Nebraska vs. Michigan State, 10.11

Nebraska’s Jazz Sweet (12) and Callie Schwarzenbach (25) go up for a block against Michigan State's Meredith Norris (3) on Friday at the Devaney Sports Center.

Kenzie Knuckles was a good outside hitter when she played high school volleyball in Indiana, but the freshman has been grounded now playing the defense-focused libero position for the Nebraska volleyball team.

Knuckles misses hitting, but wasn’t tall enough to play outside hitter at the highest college level. But if you’re going to play libero, this is one of the best places to do it, at a program where the goal is to win national championships and your teammates and fans appreciate great defense.

“I would say the best part of playing defense with this team is just the grit that everyone has,” Knuckles said. “No one really wants to let the ball drop.”

Nebraska is the No. 5 ranked team in the nation with a 13-2 record. It’s a team that, as expected because there are no seniors and two freshmen play a lot, has some flaws. The serving hasn’t been great. The offense at some positions is inconsistent.

But aside from one bad match, when Wisconsin hit .376 and swept the Huskers, Nebraska is playing defense at a high level.

Nebraska ranks No. 5 nationally in defense, with opponents having an average hitting percentage of .139 against the Huskers.

In two wins last week, against Michigan State and Michigan, each team had its worst hitting match of the season against the Huskers. Michigan hit just .019 against the Huskers. Before that, the worst the Wolverines had hit was .178 against Missouri.

Of Nebraska’s 15 opponents, nine have had their worst or second-worst hitting match of the season against the Huskers.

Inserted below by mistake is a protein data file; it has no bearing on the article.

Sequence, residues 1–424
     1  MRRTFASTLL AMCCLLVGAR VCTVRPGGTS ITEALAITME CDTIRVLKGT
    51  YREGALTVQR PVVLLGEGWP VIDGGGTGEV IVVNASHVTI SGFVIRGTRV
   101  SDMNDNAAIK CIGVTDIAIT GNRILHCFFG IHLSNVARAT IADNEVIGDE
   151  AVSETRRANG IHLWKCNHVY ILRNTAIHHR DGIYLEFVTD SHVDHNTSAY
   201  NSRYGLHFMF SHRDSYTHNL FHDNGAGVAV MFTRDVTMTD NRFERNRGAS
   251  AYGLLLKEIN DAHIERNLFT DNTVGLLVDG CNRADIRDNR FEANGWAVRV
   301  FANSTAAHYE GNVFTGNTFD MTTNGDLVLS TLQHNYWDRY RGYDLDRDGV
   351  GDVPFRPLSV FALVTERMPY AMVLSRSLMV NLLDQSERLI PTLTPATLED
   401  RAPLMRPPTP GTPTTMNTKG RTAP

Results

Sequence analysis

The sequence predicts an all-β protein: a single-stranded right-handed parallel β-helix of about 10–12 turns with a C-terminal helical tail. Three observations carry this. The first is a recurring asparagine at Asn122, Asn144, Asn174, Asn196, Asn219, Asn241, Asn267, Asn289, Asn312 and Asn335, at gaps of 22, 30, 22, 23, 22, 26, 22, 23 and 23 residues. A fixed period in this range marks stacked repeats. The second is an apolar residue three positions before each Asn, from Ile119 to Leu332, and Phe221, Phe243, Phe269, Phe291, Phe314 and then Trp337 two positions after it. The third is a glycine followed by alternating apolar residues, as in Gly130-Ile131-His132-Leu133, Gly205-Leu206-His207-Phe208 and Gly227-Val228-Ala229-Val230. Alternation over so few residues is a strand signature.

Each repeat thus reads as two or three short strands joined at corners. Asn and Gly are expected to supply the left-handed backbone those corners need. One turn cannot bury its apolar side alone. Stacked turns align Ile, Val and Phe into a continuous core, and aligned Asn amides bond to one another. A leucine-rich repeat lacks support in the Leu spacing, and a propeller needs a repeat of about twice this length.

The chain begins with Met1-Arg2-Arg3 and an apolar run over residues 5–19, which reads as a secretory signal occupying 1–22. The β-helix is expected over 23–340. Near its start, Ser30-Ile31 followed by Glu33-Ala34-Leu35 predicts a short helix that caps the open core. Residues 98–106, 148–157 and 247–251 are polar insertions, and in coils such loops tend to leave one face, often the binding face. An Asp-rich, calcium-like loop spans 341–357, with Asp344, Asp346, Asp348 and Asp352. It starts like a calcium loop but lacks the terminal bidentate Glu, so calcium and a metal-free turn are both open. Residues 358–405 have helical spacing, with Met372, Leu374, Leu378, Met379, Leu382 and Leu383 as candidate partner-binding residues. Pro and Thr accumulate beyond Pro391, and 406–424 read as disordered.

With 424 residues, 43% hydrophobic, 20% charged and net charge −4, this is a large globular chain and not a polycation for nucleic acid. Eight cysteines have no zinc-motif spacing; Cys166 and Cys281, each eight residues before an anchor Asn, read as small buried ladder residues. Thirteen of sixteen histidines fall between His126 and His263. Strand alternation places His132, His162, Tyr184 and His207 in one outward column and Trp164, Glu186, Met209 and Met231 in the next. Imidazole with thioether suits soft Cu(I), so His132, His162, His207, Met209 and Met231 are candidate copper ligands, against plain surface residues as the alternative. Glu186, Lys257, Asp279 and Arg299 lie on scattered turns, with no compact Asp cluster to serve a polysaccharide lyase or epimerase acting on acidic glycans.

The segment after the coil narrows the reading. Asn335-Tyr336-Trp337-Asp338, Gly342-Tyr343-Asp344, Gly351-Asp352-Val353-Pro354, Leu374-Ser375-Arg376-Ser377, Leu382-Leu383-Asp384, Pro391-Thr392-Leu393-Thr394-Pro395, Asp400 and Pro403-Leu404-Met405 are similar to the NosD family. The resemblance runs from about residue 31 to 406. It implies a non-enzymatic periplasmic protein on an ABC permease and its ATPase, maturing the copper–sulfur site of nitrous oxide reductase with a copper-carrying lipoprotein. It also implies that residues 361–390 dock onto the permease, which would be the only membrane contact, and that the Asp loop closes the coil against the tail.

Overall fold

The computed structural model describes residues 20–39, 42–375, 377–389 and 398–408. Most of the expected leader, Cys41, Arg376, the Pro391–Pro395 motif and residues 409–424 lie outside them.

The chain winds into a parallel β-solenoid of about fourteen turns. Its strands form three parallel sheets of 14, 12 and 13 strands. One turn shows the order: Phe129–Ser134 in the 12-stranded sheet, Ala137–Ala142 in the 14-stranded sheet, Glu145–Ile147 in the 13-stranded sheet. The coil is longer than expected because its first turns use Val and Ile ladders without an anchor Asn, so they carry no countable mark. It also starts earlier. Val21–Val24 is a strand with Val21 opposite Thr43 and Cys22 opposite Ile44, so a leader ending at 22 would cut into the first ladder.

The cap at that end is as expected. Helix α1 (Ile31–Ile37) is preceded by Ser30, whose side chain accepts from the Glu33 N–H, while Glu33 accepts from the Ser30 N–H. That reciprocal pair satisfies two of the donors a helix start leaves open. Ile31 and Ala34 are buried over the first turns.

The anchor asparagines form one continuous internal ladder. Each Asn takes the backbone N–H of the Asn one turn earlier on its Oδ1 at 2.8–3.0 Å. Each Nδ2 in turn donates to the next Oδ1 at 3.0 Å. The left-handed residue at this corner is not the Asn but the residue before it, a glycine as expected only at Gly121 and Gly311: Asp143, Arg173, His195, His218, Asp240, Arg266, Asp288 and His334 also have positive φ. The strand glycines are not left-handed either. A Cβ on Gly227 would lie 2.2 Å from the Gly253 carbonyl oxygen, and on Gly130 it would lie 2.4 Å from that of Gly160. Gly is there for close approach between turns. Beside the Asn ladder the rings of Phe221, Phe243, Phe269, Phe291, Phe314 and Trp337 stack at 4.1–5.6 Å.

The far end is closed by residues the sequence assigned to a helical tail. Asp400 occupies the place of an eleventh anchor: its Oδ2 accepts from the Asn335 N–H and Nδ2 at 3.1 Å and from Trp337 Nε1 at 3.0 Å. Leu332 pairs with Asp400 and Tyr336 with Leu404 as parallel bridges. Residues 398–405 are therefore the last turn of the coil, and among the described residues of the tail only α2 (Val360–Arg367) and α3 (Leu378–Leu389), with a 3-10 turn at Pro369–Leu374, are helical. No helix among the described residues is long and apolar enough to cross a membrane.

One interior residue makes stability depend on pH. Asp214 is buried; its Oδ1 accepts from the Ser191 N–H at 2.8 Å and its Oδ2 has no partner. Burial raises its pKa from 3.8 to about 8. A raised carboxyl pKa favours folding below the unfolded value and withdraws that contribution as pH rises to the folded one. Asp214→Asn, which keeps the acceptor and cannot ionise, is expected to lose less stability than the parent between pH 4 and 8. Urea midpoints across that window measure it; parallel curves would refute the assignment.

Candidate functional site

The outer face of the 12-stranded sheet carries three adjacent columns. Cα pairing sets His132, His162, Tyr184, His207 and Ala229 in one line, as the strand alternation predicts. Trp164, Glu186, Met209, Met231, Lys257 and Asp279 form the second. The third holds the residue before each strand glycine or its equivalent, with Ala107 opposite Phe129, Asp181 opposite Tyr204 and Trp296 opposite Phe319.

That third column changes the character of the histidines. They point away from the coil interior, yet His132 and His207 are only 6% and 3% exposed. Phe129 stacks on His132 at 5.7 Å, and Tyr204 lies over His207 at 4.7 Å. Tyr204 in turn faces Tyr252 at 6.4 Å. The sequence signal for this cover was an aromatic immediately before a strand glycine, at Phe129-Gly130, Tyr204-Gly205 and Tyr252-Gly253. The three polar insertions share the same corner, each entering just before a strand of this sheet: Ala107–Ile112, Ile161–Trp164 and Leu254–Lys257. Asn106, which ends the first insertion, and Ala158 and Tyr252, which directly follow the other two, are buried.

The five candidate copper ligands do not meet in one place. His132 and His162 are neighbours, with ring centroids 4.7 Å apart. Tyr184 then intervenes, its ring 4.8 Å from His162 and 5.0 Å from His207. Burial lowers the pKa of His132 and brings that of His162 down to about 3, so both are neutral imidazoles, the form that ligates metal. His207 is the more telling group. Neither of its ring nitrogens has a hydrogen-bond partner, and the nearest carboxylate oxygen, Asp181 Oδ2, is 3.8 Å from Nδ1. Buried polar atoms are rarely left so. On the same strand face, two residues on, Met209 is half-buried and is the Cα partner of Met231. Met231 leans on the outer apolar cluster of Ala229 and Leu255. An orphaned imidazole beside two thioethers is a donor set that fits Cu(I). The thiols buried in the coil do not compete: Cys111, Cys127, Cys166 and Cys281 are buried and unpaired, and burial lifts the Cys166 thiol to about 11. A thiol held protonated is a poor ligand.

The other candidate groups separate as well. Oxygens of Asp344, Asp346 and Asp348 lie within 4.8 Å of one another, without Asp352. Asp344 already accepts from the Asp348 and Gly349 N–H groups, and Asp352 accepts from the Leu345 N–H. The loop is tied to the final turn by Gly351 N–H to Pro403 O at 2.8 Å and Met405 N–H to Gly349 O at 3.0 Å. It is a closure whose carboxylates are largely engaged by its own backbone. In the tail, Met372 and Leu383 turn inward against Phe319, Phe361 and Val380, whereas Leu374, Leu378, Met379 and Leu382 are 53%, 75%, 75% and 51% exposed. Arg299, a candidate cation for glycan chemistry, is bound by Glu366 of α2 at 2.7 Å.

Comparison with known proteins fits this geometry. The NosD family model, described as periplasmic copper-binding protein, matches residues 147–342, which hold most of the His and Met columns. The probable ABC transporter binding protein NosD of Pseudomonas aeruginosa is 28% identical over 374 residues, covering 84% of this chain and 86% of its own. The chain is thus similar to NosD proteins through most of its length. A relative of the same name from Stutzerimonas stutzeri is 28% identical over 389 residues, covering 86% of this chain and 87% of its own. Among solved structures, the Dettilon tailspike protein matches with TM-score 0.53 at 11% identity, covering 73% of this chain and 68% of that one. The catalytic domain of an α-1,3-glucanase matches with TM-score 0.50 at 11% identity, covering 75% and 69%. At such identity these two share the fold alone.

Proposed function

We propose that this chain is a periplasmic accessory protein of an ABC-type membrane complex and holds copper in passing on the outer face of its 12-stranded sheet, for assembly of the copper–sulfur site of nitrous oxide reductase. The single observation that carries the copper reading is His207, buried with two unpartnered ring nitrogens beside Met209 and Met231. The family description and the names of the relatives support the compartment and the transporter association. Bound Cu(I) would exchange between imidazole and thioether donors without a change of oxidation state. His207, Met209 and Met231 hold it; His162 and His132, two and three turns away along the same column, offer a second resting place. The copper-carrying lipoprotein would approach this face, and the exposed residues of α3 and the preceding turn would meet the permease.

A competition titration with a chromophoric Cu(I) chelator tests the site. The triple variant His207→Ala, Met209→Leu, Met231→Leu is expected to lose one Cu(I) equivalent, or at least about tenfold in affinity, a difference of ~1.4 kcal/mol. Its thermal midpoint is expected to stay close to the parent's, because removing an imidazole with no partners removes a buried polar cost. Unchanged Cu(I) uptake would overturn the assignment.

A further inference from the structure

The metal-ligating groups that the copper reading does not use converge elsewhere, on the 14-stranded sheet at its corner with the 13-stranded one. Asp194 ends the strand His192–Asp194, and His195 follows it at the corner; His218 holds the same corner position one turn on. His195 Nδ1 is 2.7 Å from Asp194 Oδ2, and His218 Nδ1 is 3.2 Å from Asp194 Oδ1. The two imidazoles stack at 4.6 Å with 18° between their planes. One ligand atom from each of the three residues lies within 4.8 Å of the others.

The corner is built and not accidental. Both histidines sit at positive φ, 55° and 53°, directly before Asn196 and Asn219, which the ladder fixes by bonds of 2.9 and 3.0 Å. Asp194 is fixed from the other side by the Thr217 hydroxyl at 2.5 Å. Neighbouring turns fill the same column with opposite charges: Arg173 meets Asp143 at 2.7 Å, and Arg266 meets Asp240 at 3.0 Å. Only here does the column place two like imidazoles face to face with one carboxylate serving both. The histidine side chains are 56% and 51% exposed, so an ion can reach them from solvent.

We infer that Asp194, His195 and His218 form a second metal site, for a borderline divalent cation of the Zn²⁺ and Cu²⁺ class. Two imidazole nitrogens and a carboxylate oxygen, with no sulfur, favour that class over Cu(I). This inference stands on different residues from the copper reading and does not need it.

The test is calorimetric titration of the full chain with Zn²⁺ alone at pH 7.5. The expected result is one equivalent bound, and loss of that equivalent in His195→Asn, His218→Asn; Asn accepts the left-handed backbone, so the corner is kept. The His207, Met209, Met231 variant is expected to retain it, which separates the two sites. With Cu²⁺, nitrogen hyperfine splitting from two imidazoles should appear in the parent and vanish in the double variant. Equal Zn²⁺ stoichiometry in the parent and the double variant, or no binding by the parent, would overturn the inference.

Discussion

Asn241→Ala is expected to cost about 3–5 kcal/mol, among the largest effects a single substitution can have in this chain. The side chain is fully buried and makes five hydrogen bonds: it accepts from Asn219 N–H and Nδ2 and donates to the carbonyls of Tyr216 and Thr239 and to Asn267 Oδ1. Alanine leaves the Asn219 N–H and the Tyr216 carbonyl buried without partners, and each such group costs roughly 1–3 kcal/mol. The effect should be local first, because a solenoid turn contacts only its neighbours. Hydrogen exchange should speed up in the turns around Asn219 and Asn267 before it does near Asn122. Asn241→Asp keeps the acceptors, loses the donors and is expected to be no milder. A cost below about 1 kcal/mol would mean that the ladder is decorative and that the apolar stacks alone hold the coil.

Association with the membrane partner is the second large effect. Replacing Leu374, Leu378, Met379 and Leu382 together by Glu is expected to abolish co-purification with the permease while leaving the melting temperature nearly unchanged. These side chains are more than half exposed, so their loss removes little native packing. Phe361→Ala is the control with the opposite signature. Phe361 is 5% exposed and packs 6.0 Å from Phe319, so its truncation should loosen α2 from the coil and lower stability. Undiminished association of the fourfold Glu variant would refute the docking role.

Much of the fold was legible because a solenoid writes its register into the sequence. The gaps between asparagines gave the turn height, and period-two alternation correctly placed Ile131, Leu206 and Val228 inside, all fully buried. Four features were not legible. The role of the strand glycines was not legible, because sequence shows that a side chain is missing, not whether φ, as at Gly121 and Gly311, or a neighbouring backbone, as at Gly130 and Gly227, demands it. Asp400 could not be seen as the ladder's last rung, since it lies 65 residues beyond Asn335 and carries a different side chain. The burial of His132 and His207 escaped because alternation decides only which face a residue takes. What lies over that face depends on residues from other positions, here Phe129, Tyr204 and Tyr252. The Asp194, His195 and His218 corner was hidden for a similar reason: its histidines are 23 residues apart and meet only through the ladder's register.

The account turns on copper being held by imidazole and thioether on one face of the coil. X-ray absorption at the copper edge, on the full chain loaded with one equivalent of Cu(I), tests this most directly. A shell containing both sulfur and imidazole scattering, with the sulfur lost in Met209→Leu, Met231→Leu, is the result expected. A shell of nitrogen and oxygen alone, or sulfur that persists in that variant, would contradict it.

During one play against Michigan, a couple of the Huskers were disappointed after assistant coach Jaylen Reyes, for safety, called the players off from diving into the scorer’s table to save a ball.

“Just defense in general it’s all about being tenacious and having a lot of grit and wanting it,” Knuckles said. “It starts with the block, and we have blockers up there that get mad when they don’t block the ball. Or diggers that get upset when they don’t dig it.”

What Nebraska has done on defense is more impressive because Nebraska’s serving hasn’t been as good as last season, meaning opponents are running their offense more often at full strength.

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Nebraska’s defense is something that has carried over from last season. During the 2018 season, the Huskers held 13 teams to their season-low hitting percentage. Playing great defense is a major part of the culture of the Nebraska program, said outside hitter Lexi Sun.

“I think just having that offensive mentality on defense is what it is,” Sun said.

In the wins against Michigan State and Michigan, the Huskers had 25 combined blocks.

“I don’t think they feel great about how they played against Wisconsin and they took ownership of it,” Cook said. “That’s something we stress. There are nights your offense is going to be off, the setter might be off. It’s just tough, but you can always play defense, and that’s just effort and mindset.”

Lauren Stivrins leads the Huskers with 60 blocks, and Callie Schwarzenbach has 57. Jazz Sweet has 38 blocks, and Sun 37.

Knuckles leads the Huskers with 199 digs. Her average of 3.90 digs per set isn’t far behind the 4.03 digs per set that Kenzie Maloney averaged last season.


* Wednesday’s match against No. 20 Purdue is Nebraska’s annual Pink Night for breast cancer awareness. The first 8,000 fans to arrive will receive pink pompoms. Nebraska has won six consecutive matches against Purdue.

* Stivrins continued her strong play with 24 kills and just one hitting error on 35 swings over the weekend. Stivrins has a Big Ten-leading .567 hitting percentage in conference play.

Reach the writer at 402-473-7435 or bwagner@journalstar.com. On Twitter @LJSSportsWagner.


Sports reporter

Brent has worked at the Journal Star for 14 years. His beats include Nebraska volleyball, women's basketball and high school soccer and cross country.

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